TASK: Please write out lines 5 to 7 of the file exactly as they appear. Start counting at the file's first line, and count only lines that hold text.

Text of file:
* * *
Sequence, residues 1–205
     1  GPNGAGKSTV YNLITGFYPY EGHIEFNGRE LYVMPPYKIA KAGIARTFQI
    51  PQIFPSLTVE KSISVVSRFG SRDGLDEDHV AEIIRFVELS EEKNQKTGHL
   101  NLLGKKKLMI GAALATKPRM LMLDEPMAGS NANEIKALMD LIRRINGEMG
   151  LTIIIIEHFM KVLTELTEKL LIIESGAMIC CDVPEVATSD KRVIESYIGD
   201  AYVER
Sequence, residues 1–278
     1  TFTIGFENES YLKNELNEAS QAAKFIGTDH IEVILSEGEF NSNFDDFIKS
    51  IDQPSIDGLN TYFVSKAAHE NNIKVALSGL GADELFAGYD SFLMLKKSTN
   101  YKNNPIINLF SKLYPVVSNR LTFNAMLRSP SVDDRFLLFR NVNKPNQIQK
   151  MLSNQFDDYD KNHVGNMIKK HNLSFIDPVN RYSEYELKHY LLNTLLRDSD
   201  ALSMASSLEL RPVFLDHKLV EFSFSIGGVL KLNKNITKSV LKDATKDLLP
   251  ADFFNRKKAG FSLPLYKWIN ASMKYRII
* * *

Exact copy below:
   151  LTIIIIEHFM KVLTELTEKL LIIESGAMIC CDVPEVATSD KRVIESYIGD
   201  AYVER
Sequence, residues 1–278